The electrode structure 132 may have a width of about 105% to about 120% of the width of the charge trapping layer pattern 104 a. Setting the width of the electrode structure 132 to be less than about 105% of the width of the charge trapping layer pattern 104 a may increase the likelihood of an alignment error, since such a width may reduce a process margin during formation of the electrode structure 132. That is, the electrode structure 132 may not be located at a desired position over the charge trapping layer pattern 104 a.

Setting the width of the electrode structure to be greater than about 120% of the width of the charge trapping layer pattern 104 a may increase the likelihood of generating parasitic capacitance with an adjacent electrode structure 132, since such a width may reduce the distance between adjacent electrode structures 132. Moreover, undue reductions in the distance between adjacent electrode structures 132 may lead to an electrical short between the adjacent electrode structures 132. Thus, if the electrode structure 132 has a width substantially wider than the width of the charge trapping layer pattern 104 a, the alignment error margin of the process for forming the electrode structure 132 may be increased, and a resistance of the electrode structure 132 may be decreased.

In an implementation, the electrode structure 132 may include at least two layers, e.g., a lower electrode 128 a and an upper electrode 130 a. Each of the lower electrode 128 a and the upper electrode 130 a may have a width that is greater than the width of the charge trapping layer pattern 104 a.

The electrode structure 132 may include at least two conductive layers. The electrode structure 132 may include a metal or a metal nitride. For example, the electrode 132 may include one or more of tungsten, tantalum, aluminum, titanium, tungsten nitride, tantalum nitride, titanium nitride, aluminum nitride, etc. The lower electrode 128 a may include a first conductive material having a high work function, e.g., above about 4.5 eV.

In an implementation, the first conductive material may have a work function of about 4.7 eV to about 5.3 eV. If the lower electrode 128 a includes such a high work function material, charges may not be inversely tunneled into the charge trapping layer pattern 104 a from the electrode structure 132 during an erasing operation of the charge trapping type non-volatile memory device.

The upper electrode 130 a may include a second conductive material having a resistance lower than that of the first conductive material. The upper electrode 130 a may be easily etched compared to the lower electrode 128 a.

A barrier metal layer pattern (not shown) may be disposed between the lower electrode 128 a and the upper electrode 130 a. The metal barrier layer pattern may include, e.g., a metal nitride. In an implementation, the lower electrode 128 a may include tantalum nitride, and the metal barrier layer pattern may include tungsten nitride. Additionally, the upper electrode 130 a may include tungsten.

As described above, the charge trapping type non-volatile memory device may include the charge trapping layer pattern 104 a having an island shape, so charges stored in the charge trapping layer pattern 104 a may not move horizontally. Therefore, a failure of an operation of the charge trapping type non-volatile memory device, which might otherwise be caused by the horizontal migration of charges, may be prevented. Additionally, the dielectric layer 126 may cover the charge trapping layer pattern 104 a, the insulating interlayer 112 and the isolation layer pattern 124 without performing any patterning process for the dielectric layer 126. Therefore, the electrode structure 132 positioned on the dielectric layer 126 may have an improved sidewall profile. In particular, the sidewall of the electrode structure 132 may be substantially perpendicular to the dielectric layer 126. Furthermore, an overlapping margin between the charge trapping layer pattern 104 a and the electrode structure 132 may be increased by making the width of the electrode structure 132 wider than that of the charge trapping layer pattern 104 a. Therefore, a sufficient electric field may be applied to the charge trapping layer pattern 104 a through the electrode structure 132, while accommodating process variations between the electrode structure 132 and the charge trapping layer pattern 104 a. Also, the electrode structure 132 may have a reduced resistance.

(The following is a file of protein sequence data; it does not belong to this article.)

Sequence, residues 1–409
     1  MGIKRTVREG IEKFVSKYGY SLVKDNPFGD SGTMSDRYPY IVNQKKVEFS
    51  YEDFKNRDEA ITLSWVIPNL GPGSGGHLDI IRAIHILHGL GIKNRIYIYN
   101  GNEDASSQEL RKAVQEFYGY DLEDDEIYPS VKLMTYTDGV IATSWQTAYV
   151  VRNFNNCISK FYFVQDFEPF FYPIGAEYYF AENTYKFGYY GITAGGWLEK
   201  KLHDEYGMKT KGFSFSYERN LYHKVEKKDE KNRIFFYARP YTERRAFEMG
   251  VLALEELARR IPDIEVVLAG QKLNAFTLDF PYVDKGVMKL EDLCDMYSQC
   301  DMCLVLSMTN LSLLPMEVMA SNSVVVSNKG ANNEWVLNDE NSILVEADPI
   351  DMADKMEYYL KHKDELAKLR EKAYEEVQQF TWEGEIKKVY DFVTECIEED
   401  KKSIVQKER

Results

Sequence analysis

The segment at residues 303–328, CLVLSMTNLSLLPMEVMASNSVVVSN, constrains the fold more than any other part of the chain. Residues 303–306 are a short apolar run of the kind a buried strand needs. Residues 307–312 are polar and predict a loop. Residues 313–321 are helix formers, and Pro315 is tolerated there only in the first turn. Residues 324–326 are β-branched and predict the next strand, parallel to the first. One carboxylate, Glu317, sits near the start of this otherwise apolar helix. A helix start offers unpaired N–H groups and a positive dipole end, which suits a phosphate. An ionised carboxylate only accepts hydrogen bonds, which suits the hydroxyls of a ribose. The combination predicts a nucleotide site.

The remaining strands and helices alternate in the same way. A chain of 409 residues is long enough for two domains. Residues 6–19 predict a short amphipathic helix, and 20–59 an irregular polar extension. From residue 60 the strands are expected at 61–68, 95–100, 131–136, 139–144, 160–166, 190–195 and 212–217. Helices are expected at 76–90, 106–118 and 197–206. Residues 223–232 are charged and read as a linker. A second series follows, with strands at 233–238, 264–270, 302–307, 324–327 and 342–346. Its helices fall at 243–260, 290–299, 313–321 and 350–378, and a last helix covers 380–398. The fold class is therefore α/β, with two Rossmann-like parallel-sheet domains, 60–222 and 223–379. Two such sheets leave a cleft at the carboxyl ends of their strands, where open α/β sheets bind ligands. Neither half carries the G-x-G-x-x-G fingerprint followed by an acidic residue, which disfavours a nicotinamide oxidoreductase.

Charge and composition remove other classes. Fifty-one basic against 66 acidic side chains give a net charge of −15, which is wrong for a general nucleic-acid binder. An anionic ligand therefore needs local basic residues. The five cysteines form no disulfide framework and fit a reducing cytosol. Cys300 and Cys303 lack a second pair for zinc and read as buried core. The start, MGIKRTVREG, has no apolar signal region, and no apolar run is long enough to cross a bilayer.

FIGS. 2 to 10 illustrate perspective views of stages in a method of manufacturing a charge trapping type non-volatile memory device in accordance with an example embodiment of the present invention, and FIGS. 11 and 12 illustrate plan views of stages in the method of FIGS. 2 to 10.

Referring to FIG. 2, a substrate 100 may be provided. The substrate 100 may include a semiconductor material, e.g., silicon. A preliminary charge trapping structure 110 may be formed on the substrate 100. The preliminary charge trapping structure 110 may include a preliminary tunnel oxide layer pattern 102, a preliminary charge trapping layer pattern 104, a preliminary buffer layer pattern 106 and a preliminary first protection layer pattern 108, which may be sequentially formed on the substrate 100. The preliminary charge trapping structure 110 may have a generally linear shape and may extend in a first direction on the substrate 100.

In an implementation, a tunnel oxide layer (not shown) may be formed on the substrate 100, e.g., using a thermal oxidation process. A charge trapping layer (not shown), e.g., a nitride layer, may be formed on the tunnel oxide layer. Where a nitride layer is used as the charge trapping layer, it may be formed using, e.g., silicon nitride. The charge trapping layer may be formed by, e.g., a chemical vapor deposition (CVD) process.